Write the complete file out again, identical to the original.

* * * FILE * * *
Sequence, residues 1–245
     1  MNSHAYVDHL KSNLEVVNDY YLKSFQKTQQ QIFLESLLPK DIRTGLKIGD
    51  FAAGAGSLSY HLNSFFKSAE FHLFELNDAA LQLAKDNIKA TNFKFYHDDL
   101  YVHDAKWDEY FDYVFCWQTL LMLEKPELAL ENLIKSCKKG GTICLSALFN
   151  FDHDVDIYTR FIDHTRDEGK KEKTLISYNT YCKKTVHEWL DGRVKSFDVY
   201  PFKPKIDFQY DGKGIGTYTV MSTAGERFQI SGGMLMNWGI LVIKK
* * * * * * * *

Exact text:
Sequence, residues 1–245
     1  MNSHAYVDHL KSNLEVVNDY YLKSFQKTQQ QIFLESLLPK DIRTGLKIGD
    51  FAAGAGSLSY HLNSFFKSAE FHLFELNDAA LQLAKDNIKA TNFKFYHDDL
   101  YVHDAKWDEY FDYVFCWQTL LMLEKPELAL ENLIKSCKKG GTICLSALFN
   151  FDHDVDIYTR FIDHTRDEGK KEKTLISYNT YCKKTVHEWL DGRVKSFDVY
   201  PFKPKIDFQY DGKGIGTYTV MSTAGERFQI SGGMLMNWGI LVIKK